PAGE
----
Knowing when a graphical model is perfect to a distribution is essential in order to relate separation in the graph to conditional independence in the distribution, and this is particularly important when performing inference from data. When the model is perfect, there is a one-to-one correspondence between conditional independence statements in the distribution and separation statements in the graph. Previous work has shown that almost all models based on linear directed acyclic graphs as well as Gaussian chain graphs are perfect, the latter of which subsumes Gaussian graphical models (i.e., the undirected Gaussian models) as a special case. However, the complexity of chain graph models leads to a proof of this result which is indirect and mired by the complications of parameterizing this general class. In this paper, we directly approach the problem of perfectness for the Gaussian graphical models, and provide a new proof, via a more transparent parametrization, that almost all such models are perfect. Our approach is based on, and substantially extends, a construction of Lněnička and Matúš showing the existence of a perfect Gaussian distribution for any graph.

Keywords: Graphical models, perfectness, conditional independence graphs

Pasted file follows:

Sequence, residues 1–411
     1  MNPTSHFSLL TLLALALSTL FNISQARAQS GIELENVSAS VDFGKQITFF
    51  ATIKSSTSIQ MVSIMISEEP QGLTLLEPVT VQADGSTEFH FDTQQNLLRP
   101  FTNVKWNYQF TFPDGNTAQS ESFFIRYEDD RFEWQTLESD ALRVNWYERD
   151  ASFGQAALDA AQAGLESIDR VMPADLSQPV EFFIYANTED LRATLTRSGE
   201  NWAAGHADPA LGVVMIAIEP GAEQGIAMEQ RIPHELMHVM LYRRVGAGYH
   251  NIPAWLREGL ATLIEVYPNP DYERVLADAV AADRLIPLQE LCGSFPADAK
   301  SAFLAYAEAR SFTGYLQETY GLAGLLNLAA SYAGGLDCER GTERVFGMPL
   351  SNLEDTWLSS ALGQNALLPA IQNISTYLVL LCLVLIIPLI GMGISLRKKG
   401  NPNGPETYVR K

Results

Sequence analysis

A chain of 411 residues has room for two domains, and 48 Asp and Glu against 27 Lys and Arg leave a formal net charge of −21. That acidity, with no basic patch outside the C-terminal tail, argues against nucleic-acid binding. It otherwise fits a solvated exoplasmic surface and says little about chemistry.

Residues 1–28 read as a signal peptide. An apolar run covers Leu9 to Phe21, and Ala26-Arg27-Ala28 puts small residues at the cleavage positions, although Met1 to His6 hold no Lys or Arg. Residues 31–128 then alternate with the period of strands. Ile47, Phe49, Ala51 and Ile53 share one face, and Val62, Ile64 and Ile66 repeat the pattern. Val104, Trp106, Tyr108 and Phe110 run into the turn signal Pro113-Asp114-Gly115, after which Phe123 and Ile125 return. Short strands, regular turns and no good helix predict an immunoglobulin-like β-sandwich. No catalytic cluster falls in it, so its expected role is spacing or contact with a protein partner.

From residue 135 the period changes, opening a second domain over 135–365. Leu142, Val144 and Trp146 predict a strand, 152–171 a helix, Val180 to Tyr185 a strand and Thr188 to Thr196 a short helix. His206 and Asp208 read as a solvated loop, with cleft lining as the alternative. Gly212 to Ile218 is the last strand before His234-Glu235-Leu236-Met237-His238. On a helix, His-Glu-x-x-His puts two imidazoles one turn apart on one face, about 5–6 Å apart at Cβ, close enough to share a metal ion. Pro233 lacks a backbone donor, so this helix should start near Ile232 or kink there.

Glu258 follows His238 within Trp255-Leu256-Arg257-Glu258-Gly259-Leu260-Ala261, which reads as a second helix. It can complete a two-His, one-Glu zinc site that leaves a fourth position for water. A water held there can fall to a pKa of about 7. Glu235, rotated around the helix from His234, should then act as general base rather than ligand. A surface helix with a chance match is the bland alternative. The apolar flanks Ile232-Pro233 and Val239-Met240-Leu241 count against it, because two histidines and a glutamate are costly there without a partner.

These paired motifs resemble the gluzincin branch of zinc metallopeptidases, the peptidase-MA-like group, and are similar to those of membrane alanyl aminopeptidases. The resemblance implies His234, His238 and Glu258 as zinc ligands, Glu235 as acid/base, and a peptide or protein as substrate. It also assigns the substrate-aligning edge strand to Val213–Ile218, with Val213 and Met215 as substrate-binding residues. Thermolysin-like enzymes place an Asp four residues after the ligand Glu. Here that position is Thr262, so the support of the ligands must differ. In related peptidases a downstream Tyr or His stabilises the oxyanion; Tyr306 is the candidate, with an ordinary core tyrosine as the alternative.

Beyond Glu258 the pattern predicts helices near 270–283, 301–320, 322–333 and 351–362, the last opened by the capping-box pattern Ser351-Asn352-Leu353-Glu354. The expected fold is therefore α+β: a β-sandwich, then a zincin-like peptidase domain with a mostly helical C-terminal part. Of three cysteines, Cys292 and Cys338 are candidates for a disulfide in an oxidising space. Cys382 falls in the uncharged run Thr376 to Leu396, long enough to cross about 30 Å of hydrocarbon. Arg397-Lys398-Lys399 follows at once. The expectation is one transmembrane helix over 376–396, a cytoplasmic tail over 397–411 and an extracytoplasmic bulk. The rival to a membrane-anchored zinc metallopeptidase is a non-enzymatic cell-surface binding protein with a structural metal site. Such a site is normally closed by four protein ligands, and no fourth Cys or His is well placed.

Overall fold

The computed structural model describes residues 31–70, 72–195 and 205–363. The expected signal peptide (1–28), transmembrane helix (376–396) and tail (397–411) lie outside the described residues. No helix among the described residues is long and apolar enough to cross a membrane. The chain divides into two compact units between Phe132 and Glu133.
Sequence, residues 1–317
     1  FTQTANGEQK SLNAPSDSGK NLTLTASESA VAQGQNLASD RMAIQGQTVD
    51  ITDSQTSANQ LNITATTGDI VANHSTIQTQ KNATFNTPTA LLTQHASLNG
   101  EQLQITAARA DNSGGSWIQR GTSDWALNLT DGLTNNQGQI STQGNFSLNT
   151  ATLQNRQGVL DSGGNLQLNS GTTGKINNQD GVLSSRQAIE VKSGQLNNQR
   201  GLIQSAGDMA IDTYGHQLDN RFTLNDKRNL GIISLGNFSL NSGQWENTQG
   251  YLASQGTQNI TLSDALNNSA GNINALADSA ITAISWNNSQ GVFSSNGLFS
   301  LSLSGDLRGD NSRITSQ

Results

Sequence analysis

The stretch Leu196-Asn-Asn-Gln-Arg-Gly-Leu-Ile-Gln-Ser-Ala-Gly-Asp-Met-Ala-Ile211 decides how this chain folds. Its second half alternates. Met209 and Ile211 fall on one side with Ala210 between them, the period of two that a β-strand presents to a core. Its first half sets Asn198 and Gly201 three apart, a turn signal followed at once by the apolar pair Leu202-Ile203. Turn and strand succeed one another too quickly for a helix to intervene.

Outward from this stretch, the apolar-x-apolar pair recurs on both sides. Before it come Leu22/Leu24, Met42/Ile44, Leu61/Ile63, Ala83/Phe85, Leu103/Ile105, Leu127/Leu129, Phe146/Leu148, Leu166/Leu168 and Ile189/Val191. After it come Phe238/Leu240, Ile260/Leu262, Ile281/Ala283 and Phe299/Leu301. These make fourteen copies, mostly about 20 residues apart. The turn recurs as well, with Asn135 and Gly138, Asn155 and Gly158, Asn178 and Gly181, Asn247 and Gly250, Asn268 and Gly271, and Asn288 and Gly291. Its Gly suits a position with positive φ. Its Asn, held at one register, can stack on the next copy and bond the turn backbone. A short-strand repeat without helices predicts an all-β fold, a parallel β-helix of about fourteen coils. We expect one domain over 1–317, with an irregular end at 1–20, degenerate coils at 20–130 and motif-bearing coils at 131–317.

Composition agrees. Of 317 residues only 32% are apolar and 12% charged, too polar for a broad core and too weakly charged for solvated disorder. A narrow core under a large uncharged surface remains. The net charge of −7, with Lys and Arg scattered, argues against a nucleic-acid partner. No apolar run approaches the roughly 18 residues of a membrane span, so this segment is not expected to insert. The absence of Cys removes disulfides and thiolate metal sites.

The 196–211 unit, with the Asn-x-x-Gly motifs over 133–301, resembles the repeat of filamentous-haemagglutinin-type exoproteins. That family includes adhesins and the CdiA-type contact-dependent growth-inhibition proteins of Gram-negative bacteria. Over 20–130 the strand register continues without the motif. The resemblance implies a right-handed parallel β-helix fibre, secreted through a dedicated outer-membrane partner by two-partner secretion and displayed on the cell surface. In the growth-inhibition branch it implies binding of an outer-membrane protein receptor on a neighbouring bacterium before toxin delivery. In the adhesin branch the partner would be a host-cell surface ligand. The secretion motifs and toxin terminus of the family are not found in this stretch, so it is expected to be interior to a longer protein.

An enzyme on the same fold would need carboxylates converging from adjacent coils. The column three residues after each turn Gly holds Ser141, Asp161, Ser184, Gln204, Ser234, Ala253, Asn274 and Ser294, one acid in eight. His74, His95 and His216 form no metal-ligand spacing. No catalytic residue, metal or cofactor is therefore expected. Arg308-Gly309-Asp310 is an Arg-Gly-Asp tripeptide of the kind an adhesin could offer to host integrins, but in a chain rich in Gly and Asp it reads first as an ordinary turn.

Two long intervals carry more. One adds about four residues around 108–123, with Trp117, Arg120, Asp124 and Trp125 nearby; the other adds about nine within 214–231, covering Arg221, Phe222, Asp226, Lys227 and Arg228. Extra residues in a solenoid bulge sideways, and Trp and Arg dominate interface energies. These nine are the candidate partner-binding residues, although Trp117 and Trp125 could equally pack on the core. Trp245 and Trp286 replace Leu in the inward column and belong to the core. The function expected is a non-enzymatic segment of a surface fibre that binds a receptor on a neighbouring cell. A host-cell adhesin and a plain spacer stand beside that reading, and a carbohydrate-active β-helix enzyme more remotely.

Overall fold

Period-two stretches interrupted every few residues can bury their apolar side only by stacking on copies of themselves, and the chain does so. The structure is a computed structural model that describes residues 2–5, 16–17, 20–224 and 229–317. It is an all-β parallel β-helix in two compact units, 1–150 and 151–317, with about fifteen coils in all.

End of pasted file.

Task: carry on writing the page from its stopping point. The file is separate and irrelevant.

Neighborhood regression has been a successful approach in graphical and structural equation modeling, with applications to learning undirected and directed graphical models. We extend these ideas by defining and studying an algebraic structure called the neighborhood lattice based on a generalized notion of neighborhood regression. We show that this algebraic structure has the potential to provide an economic encoding of all conditional independence statements in a Gaussian distribution (or conditional uncorrelatedness in general), even in the cases where no graphical model exists that could "perfectly" encode all such statements. We study the computational complexity of computing these structures and show that under a sparsity assumption, they can be computed in polynomial time, even in the absence of the assumption of perfectness to a graph. On the other hand, assuming perfectness, we show how these neighborhood lattices may be "graphically" computed using the separation properties of the so-called partial correlation graph. We also draw connections with directed acyclic graphical models and Bayesian networks. We derive these results using an abstract generalization of partial uncorrelatedness, called partial orthogonality, which allows us to use algebraic properties of projection operators on Hilbert spaces to significantly simplify and extend existing ideas and arguments. Consequently, our results apply to a wide range of random objects and data structures, such as random vectors, data matrices, and functions.

Keywords: Neighbourhood lattice, graphical modeling, neighbourhood regression, partial orthogonality, projection operators, Hilbert spaces